Archive for The Phantom Menace

Reboot of the Jedi

Posted in FILM with tags , , , , , , , , , , , on December 30, 2015 by dcairns

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I was going to be all noble and abstain from seeing STAR WARS: THE FORCE AWAKENS because I am an adult. I have managed to avoid giving George Lucas any of my money since the first mangling of the original STAR WARS with CGI characters dropped into it at random, though this was partially by luck rather than design — a friend acquired a bootleg of THE PHANTOM MENACE before it came out and I abandoned all ethical principles and said what the hell and watched it and was damned glad I hadn’t thrown my money away on that load of tripe.

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But Fiona wanted to see this one, because it has the original actors in it a bit and so it connects more convincingly to any residual fondness one has for the original trilogy… and she had an unexpectedly emotional response to it. Funnily enough, I had just come from a costume fitting with the magnificent thespian Gavin Mitchell, who reported that he saw the movie while rather tired but his girlfriend got really emotional. Same thing. Is this a STAR WARS film that works better for girls? No bad thing, since the first film was so boysie (and so white) as one female fan wrote, ruefully, “One wonders if Princess Leia had anyone to play with when she was small.”

Princess Leia is STILL small, but she’s now a general. Han Solo is back to smuggling, the marriage thing having not quite worked out. Best of all, there are new characters, who actually have characters, unlike the entire cast of the prequels. John Boyega plays Finn, a disaffected stormtrooper — someone with actual demonstrable integrity, who rejects the politics he’s been raised with — nobody else in the films has such nobility. Daisy Ridley plays Rey (I think that’s short for Reysie Diddly, although it may also be a nod to the maker of another celebrated trilogy). Oscar Isaac is Poe Dameron, the only one of these kids with a surname, and does a lot well with very little writing to support him. It had been uncertain, looking at his previous performances, whether the brooding O.I. could pull off lightly likeable, but he does it here. Oh, and bad guy Adam Driver, he of the massive face, a co-star of O.I.’s from INSIDE LLEWYN DAVIS, is excellent too. J.J. Abrams has by now made a lot more films than Lucas had when he made the first film in the saga franchise, and has certainly shown a lot more care than Lucas lavished on the prequels. And he has a surer sense of what STAR WARS films need to be like. I swear, when that two-headed sports commentator turned up in PHANTOM MENACE…

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Abrams’ great vice is his tendency to pass off remakes as reboots, so here we get secret plans hidden in a droid, yet another, an even bigger death star, Luke as the lost Jedi master in place of Obi-Wan, and a climax which intercuts a dogfight with a light-sabre duel. Plus a desert planet which might as well be Tatooine but isn’t, and a snowy planet that isn’t Hoth. The sense of deja vu is entirely intentional, but I would certainly have liked to see the filmmakers invent more — there are some striking background characters, but they stay in the background. And the filmmakers’ imaginations seem constrained, as if they can’t really imagine all this stuff they’ve imagined. The new death star is the size of a planet, but when the heroes land there next to one particular building they have to destroy, they quickly bump into the one person they’re looking for. It’s a small world after all.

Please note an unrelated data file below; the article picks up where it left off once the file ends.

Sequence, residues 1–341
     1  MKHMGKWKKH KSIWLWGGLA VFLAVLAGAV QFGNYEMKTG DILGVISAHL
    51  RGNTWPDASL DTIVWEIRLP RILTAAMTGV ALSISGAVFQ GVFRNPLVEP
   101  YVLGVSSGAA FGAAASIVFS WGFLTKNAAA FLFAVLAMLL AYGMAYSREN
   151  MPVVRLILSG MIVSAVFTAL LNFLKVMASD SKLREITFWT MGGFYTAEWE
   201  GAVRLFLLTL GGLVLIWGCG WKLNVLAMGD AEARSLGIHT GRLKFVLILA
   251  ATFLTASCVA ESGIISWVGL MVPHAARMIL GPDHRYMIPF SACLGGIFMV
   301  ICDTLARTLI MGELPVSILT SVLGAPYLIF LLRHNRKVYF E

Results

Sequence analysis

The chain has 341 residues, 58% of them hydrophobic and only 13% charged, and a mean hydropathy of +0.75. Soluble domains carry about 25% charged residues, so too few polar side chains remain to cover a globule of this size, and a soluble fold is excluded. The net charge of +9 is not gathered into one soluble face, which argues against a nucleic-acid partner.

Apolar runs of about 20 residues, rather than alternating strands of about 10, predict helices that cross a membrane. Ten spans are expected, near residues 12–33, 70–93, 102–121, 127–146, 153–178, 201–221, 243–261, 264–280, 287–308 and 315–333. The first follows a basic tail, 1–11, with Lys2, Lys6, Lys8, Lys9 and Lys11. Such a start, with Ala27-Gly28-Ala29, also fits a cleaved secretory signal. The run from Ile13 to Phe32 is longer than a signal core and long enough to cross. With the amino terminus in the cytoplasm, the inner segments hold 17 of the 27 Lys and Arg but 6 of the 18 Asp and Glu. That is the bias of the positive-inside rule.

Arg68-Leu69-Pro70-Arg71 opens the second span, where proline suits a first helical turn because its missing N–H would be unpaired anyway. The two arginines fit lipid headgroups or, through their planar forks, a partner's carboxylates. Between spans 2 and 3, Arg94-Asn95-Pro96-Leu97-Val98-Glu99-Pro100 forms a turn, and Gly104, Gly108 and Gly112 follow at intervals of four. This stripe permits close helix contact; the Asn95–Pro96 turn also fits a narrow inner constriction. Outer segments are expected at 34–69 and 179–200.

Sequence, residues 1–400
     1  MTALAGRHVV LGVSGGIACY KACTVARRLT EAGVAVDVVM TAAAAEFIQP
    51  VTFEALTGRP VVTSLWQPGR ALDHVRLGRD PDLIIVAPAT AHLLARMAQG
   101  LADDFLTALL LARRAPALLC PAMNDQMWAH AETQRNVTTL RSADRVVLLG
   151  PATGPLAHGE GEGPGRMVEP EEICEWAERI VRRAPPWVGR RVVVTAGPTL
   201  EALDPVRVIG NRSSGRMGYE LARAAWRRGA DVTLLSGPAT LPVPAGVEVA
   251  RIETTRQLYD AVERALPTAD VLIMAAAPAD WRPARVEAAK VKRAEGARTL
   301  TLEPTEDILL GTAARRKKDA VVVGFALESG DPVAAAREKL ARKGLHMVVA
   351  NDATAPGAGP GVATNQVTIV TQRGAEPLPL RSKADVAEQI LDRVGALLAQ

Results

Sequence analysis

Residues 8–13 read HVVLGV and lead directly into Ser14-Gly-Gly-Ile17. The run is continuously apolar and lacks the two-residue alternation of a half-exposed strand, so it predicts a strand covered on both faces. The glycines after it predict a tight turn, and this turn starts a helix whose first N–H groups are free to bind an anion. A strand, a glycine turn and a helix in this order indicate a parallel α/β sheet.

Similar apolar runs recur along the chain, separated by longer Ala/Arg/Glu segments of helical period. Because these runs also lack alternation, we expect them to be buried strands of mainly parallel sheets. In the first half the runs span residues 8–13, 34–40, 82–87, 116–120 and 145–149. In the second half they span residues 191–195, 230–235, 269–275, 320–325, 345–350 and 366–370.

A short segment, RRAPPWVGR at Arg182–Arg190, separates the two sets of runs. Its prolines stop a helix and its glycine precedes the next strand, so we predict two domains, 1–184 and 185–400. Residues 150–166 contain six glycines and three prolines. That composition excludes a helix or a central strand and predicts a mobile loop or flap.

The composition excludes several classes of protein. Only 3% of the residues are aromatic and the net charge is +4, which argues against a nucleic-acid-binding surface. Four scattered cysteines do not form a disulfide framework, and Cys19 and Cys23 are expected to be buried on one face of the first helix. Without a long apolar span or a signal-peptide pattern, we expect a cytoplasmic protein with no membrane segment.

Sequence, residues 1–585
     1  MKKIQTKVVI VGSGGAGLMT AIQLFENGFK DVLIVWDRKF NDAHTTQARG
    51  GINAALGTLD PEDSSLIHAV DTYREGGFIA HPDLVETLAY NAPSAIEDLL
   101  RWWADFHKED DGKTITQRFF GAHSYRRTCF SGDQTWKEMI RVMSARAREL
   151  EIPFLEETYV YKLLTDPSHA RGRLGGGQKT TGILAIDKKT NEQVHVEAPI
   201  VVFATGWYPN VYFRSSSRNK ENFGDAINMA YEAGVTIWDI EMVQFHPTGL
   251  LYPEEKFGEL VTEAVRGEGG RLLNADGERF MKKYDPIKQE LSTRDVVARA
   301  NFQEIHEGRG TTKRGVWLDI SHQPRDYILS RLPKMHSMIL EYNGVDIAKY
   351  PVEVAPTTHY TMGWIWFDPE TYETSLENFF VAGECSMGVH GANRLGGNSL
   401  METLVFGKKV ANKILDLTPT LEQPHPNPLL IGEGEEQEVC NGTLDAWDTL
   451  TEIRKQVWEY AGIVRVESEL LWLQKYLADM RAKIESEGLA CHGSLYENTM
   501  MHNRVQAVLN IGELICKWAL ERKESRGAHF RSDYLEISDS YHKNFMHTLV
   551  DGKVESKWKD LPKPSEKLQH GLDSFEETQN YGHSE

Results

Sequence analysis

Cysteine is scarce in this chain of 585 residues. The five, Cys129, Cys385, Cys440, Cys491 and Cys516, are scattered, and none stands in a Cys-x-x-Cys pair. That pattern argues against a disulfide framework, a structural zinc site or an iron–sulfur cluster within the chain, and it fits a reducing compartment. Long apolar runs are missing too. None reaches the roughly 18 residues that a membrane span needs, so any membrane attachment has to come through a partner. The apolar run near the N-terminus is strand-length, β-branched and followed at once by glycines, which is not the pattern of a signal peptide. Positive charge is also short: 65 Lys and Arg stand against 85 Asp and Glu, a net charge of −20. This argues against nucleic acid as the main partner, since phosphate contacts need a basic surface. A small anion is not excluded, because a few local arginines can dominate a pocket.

The relentless compaction extends to time also — take a stop-watch with you and see how long elapses between the terrible news that the death star will be able to destroy everybody in two minutes, and the eventual solution to that narrative problem. We’re very used to this kind of trick in movies — the bomb timer that keeps doubling back on itself — but I swear it’s about fifteen minutes this time.

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Things Abrams definitely does better than Lucas:

The dialogue. With the aid of EMPIRE STRIKES BACK co-writer Larry Kasdan and LITTLE MISS SUNSHINE guy Michael Arndt, Abrams has written (sparse) dialogue which doesn’t make you want to chew your own jaw off.

No midi-chlorians. Interestingly, midi-chlorians are the reason that, whenever you meet a Jedi knight, they smell like swimming pools.

Action. Lucas has recently tended to equate “excitement” with “shitloads of things buzzing about” whereas Abrams favours coherence, and has a pleasing tendency to make each shot do more than one thing, tying the scene together with images that develop and move, enhancing the sense of context at every turn.

Domnhall Gleeson with his permanent expression of “Ooh, matron!” camp outrage. So nice to find an actor making a bold choice and sticking to it.

Emotion. Even in the first/fourth film (the film that was called STAR WARS), Lucas rather shrank from emotion. John Williams provides a soaring Wagnerian leitmotif when Luke’s aunt and uncle are killed, but since there hasn’t been a single hint of human warmth between Luke and his kin, this can only do so much. A comparison with THE SEARCHERS, from which Lucas has borrowed this moment, shows how much is lacking — or avoided. This kind of thing has caused me to equate the word “operatic” with the phenomenon of “gesturing grandly at a supposed emotion without actually making you feel anything” — which I don’t think is the original meaning of the term. In amidst the frenetic running about, Abrams’ characters build up some actual affection — Reysie Diddly and John Bodeya are particularly useful here.